If you're thinking about taking a road trip in America this summer, you might want to consider leaving the GPS and the Rand McNally at home and, in their place, packing a bewitching new book called The Real State of America Atlas: Mapping the Myths and Truths of the United States by Cynthia Enloe and Joni Seager. While it won't help you negotiate those ring-shaped parking lots around Atlanta or Washington, D.C., this idiosyncratic travel guide will reveal how life is lived today in any state you happen to pass through. By the time you finish digesting the book's short essays, colorful graphics, charts and maps, you'll understand that the 50 states were not created equal. Geography does matter. Enormously. As its subtitle suggests, the book's authors set out to strip away the popular myths that distort many Americans' view of their homeland and its place in the world. The authors accomplished this by analyzing a small mountain of data, including U.S. Census reports, the findings of prisoner rights research groups, the United Nations, the Pew Foundation and organizations monitoring college athletics, plus Bureau of Labor statistics and corporate annual reports. They then synthesized this data to produce a series of vivid snapshots about America's distribution of wealth, religious attitudes, employment, home ownership and homelessness, sickness and health, prisons, immigration, gun ownership, environmental degradation, corporate power, military spending, and even the worldwide popularity of the Barbie doll. (She's huge in Italy and the United Kingdom.) The findings are by turns surprising, predictable, frightening, encouraging, amusing, and maddening. For instance, we learn again and again that Texas is a state of extremes: it has executed the most people since 1976 (463); it has the highest percentage of hunters (Pennsylvania ranks second); it has sacrificed more of its citizens to the Iraq War than any other state except California (414 to 468, with Pennsylvania a distant third at 195); it has the highest percentage of citizens without health insurance (26 percent); and it has a gross domestic product equal to Russia's. While such facts are interesting in themselves and valuable for the global perspective they provide, they are not this book's greatest strength. Where The Real State of America Atlas truly shines is in its demolition of the notion – the enduring fantasy – that America is a land of equal opportunity, a place where boundless bounty awaits anyone who is willing to work hard and play by the rules. With a relentless parade of statistics, the authors make a compelling case that the playing field is far from level and the American Dream is, increasingly, becoming the destiny of the privileged few as it slips beyond the reach of most members of the middle class. Forget about the poor. Consider these numbers: there are 413 billionaires in America with a combined net worth of $1.4 trillion; the richest 1 percent of Americans own 35 percent of the total wealth; the poorest 40 percent own 0.2 percent of the wealth; 19 percent of American households have zero or negative wealth. "Almost a fifth of American households have an annual income of less than $20,000," the authors write, "and 15 percent of Americans live at or below official poverty levels... The wealth gap in the U.S. is considerable and growing fast." Yet even as the federal budget went from a $236 billion surplus to a $1.5 trillion deficit in the past decade, many lawmakers, Republican and Democrat, insist that continued tax breaks for the rich are vital for the country. The super-rich aren't the only culprits in our looming national debt crisis. More than half of the foreign companies and 42 percent of U.S. companies doing business on American soil paid zero federal income tax for two or more years between 1998 and 2005. In 2009, General Electric, Bank of America, and CitiGroup paid exactly nothing. Only in America. Sometimes the book's statistics merely buttress the obvious – Americans are religious, they own a lot of guns, they love sports and cars, they're increasingly conservative and insanely overweight, they're not much interested in what's happening beyond their national borders, and, for a people descended largely from immigrants, they're oddly suspicious and resentful of recent immigrants. That said, the authors do sometimes counter well-known facts with counter-intuitive anecdotes, such as the revelation that for all the God-fearing that goes on in America, the number of atheists and agnostics has doubled, from 8 to 16 percent of the population, in the past 30 years. It's worth pausing here to consider the authors' bona fides. Cynthia Enloe is a political science professor at Clark University and the author of 11 books, including The Curious Feminist and Nimo's War, Emma's War: Making Feminist Sense of the Iraq War. Joni Seager, a geographer and global policy expert, teaches at Bentley University in Boston and has written many books, including four editions of Atlas of Women in the World. Given such credentials, it's perhaps not surprising that the authors occasionally leave themselves open to the criticism that they're promoting a leftist, feminist agenda. Worse, they sometimes slip into muzzy writing, such as: "Despite a long history of peace activism, many Americans have absorbed militaristic ideas: for instance, believing that soldiering is the highest form of patriotism, that the world is full of enemies, that protecting against terrorists trumps civil rights, that men are the natural protectors of women, that jet bombers overhead make sporting events exciting, and that Commander-in-Chief is the President's most important job." No doubt many Americans do believe these things. Just as surely, many don't believe them. But how many? And what do these competing beliefs tell us about the nation at large? Unfortunately, the authors don't say. But such missteps don't diminish this book's real and valuable achievements. Enloe and Seager have produced a timely reminder that America is a place where the deck is stacked, where the rich keep getting richer, and where nothing is going to change until the members of the great, duped, sinking middle class wake up and realize they've been sold a bill of goods.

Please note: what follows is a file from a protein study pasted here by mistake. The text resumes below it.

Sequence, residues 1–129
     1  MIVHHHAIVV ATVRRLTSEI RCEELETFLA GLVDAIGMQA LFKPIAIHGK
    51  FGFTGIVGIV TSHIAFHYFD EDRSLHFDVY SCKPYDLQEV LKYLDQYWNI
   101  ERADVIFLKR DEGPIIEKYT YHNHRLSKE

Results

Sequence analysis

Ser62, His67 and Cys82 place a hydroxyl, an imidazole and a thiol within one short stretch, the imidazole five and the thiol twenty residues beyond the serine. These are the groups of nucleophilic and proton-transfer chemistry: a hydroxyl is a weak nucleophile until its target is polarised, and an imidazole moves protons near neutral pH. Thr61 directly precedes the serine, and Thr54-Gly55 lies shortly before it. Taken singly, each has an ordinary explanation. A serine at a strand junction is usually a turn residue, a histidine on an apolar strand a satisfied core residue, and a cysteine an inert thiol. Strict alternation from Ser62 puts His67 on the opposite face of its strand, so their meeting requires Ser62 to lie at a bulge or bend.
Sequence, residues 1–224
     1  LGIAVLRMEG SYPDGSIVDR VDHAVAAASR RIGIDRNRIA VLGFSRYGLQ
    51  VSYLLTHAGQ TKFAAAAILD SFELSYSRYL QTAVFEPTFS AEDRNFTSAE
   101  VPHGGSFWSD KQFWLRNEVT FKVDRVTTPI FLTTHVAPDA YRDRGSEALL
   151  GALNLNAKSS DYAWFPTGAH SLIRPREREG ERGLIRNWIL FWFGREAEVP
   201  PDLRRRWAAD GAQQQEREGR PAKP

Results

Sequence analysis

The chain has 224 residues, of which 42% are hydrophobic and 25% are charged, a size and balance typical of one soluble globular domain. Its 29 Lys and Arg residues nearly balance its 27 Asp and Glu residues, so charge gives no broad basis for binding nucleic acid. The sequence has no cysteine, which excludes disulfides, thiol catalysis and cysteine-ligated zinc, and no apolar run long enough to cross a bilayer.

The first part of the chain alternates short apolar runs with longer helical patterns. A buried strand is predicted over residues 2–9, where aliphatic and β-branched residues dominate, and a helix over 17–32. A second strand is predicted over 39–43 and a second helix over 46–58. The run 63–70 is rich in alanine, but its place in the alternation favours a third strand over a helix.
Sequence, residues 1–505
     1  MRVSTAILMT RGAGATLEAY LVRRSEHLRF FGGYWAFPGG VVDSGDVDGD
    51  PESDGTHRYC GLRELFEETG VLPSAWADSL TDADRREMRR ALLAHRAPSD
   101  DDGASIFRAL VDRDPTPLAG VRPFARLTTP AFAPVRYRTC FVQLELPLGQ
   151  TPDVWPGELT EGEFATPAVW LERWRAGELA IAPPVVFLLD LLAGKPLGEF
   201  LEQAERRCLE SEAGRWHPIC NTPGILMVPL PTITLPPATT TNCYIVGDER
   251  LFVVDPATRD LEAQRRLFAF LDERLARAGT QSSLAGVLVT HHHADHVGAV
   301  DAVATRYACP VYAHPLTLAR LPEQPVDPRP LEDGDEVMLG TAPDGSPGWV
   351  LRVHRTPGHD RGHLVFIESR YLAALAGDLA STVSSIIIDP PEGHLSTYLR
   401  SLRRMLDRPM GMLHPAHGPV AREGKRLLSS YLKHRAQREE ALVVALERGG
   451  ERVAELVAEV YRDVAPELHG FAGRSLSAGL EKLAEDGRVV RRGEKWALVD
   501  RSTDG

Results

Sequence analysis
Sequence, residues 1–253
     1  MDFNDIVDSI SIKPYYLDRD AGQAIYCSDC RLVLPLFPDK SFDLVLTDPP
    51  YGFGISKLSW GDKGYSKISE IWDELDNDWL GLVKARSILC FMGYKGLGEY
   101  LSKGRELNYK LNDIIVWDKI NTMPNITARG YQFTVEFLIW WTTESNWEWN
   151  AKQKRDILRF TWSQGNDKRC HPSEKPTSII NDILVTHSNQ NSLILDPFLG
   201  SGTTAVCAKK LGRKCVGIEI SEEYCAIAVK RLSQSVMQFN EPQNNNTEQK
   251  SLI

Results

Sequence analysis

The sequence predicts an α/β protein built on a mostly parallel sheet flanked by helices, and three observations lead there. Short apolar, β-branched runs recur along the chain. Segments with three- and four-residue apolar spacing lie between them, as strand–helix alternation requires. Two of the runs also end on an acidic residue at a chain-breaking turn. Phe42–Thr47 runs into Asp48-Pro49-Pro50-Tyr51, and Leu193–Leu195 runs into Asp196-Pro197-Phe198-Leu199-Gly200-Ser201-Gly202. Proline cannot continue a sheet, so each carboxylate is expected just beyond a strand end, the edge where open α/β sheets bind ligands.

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When I think about the books I’ve read in 2016, the greatest have left me cut open, because I believe words are swords. Even hello and goodbye. Especially goodbye. And even curse words. But for my purposes, they’re swords against injustice, a voice to the marginalized -- spoken or on a page, a wall, a tattoo. I fear the silences. The silence of those who feel unthreatened. That is, the silence of well meaning, “nice people” who want to get along, and who believe a disagreement or protest only means no peace, not a path to get there. I fear the silence of other Christians that I now hear so loud. Those who only pray for the police and not the protestors. We need God all around. When I was 19 years old, a boy in my college who was offended by the words I used after his assault said, “If you say anything, I will destroy you. I have more friends than you do.” He was right about having more friends. In other words, he had more power and influence in that space, the same way politics and money have power over us. But at almost 40 years old now, I’ve lived long enough to have been destroyed before, and I can testify that sitting in silence is worse. In shame is worse. Had I known then what I know now, I would have chosen differently. I would have chosen for myself when and when not to be silent. Back then, his threat chose for me. But today, I’m different. I believe that love casts out all fear. Including mine. And I believe the world is rigged in the favor of love. It is what will ultimately unify us. And I believe in hope. Active hope. And active love. Not just a feeling, but the kind of love that compels us to do something selflessly for the people we say we love and support. It should compel us to serve others, and if necessary, to stand in the gap for those who can’t. It’s an action word and still a sword. Preferring love doesn’t mean to ignore other emotions, like this anger I know I carry. And if I’m honest, I try to carry it the same way I do my lust. I have become a container of longing. It’s redirection. It’s discipline. I know we don’t all have it. Not yet. I’ve read the biographies of Dr. Martin Luther King, Jr., and I admire the way he carried his passions, but I’ve read about his failings, too. No one’s perfect. I give these admissions of love and lust and anger to you because we are alive and there is so much to feel right now and to acknowledge and understand about others -- there are no “others" -- but not all of our emotion is helpful to what must be done in times of “no peace.” To stand in the gap for others, to get us along the road to move forward and help in some way. Whether we feel personally threatened or not, we’ll have to recognize what our cleanest sustainable fuel is -- the cleanest emotion. I think it’s love. For all other emotions, we’ll have to make time and a safe place to be reckless. Books help to inform how I’ll love; where the need is outside of my own personal experience and circle of friends. So I’ve read so many good books in 2016, many are from marginalized groups, but not solely, and include women and people of color, and from the LGBTQIA communities, and from different religious and spiritual groups. But what I want to share with you are the books I'll be bringing with me into the unknown of 2017. For spiritual fuel...I’ll be bringing Timothy Keller’s book Prayer in order to pray for this world around me, including our president, the House and Senate and our judiciary, and for every group in our country that is living under extraordinary threat based on ethnicity or religion or sexual preference. For Native Americans. For women. And I pray for those of us who are able to do something, even if it’s one thing or a handful of things, or many things. We can make a difference. I’ll also be bringing Beth Moore’s book So Long Insecurity to remind myself of the courage we’ll all need to carry on. Beth Moore, a pastor, tirelessly and publicly stands up for women. And I’ll bring Judah Smith’s book Life Is______. And last but not least, for spiritual fuel, I’ll be reading The Bible. Specifically, the four Gospels -- Matthew, Mark, Luke, and John -- books by men about a man who respected women from all walks of life, no matter the mistakes she’d made in her life, years ago or just moments ago. And in this way, I'll remind myself of the kind of men who possess the love I'd put my faith and hope in, even if they don’t call themselves feminists. For other strengths, I’ll be rereading Roxane Gay’s An Untamed State and any of her essays, including one of my favorites called "Acts of Faith." Ever since I read that essay for the first time last year, and learned of the existence of Jesuit Priests, I’ve considered converting to Catholicism just for them...and for the Pope. I enjoyed his recent book, The Name of God Is Mercy. I’ll also be reading essays by Rebecca Solnit and finishing her book The Faraway Nearby because it says so much about the nature of us, of women, and our “place” in society and what we hope for. I’ll never forget the term she coined, “Mansplaining.” It sums up my professional life in the last year or so. Fourteen years as a lawyer in my field, and men will still feel compelled to explain the ropes of law practice to me. I let them. It allows me to rest. I’ll be carrying We Love You Charlie Freeman by Kaitlyn Greenidge and Surveillance by Ashaki Jackson for the times I need to be reminded why I must keep walking. Why we all do. To laugh, I will take Ayisha Malik’s new book, Sofia Khan Is Not Obliged. When I heard her read from it in London this summer, I was crying-laughing. The same as when I was flipping through the pages of Mary Laura Philpott’s book, Penguins with People Problems. I’ve read her book again and again like it was a squishy stress-relief toy. And, of course I’m taking the book Go the F**k to Sleep, which is essential reading for new parents who have protected their senses of humor from sleep deprivation. And I’ll take the book All My Friends Are Dead just to smile, and finally, I’ll finish Lily and the Octopus by Steven Rowley because it’s worth it. We need laughter. Even if it feels wrong to laugh right now. I want to bring books about girls and women into 2017 that may not fall into the designation of “women of color” -- some of the books I’ve already mentioned do not. I want to remember that we’re all in this together and no one gets out of this life as an adult unwounded. Shared pain (and shared laughter) may be the simplest unifiers. So I will read Hand Me Down by Melanie Thorne, The Invaders by Karolina Waclawiak, and Mothers and Other Strangers by Gina Sorell. Gina’s book has this opening line: “My father proposed to my mother at gunpoint when she was nineteen, and knowing that she was already pregnant with a dead man’s child, she accepted.” Because I am a sister to four brothers and have always been told growing up that I was a Tomboy -- but whatever! -- I will call these books my masculine selections that I’m carrying into 2017: Vu Tran’s Dragonfish, Tod Goldberg’s Gangsterland, Matthew Nienow’s chapbook House of Water, and Shooting Elvis by Robert Eversz. Coincidentally, Shooting Elvis has a young female protagonist from the 1980s to whom I can relate. I still imagine myself wearing neon with crimped bangs. And finally, I’m carrying an early review copy of The Yellow House by Chiwan Choi. It’s gorgeous. In it, Choi writes about painful loss -- he’s lost a child, he's lost his native country, and now, the people he loves are slipping away. The poems in his book have caused me to ponder the state of life, this world we now live in, and to draw enormous conclusions about us: That maybe by 40 years old, every person alive has lost something so germane that it changes her -- something about her country, her personal life. But what I’ve discovered is more true is that the love we give is timeless. For everything else, we’ll have to decide how we’ll move forward with what remains. More from A Year in Reading 2016 Do you love Year in Reading and the amazing books and arts content that The Millions produces year round? We are asking readers for support to ensure that The Millions can stay vibrant for years to come. Please click here to learn about several simple ways you can support The Millions now. 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Xzibit would have a field day with this one: an underground bookshop that sells underground books and zines.
Few things are more individual than your feelings about e-books. Dustin Illingworth can’t stand them -- as he puts it, “books are meant to be handled and smelled.” At Full-Stop, he writes about what this preference reveals about himself. You could also read our tribute to e-book pioneer Michael Hart.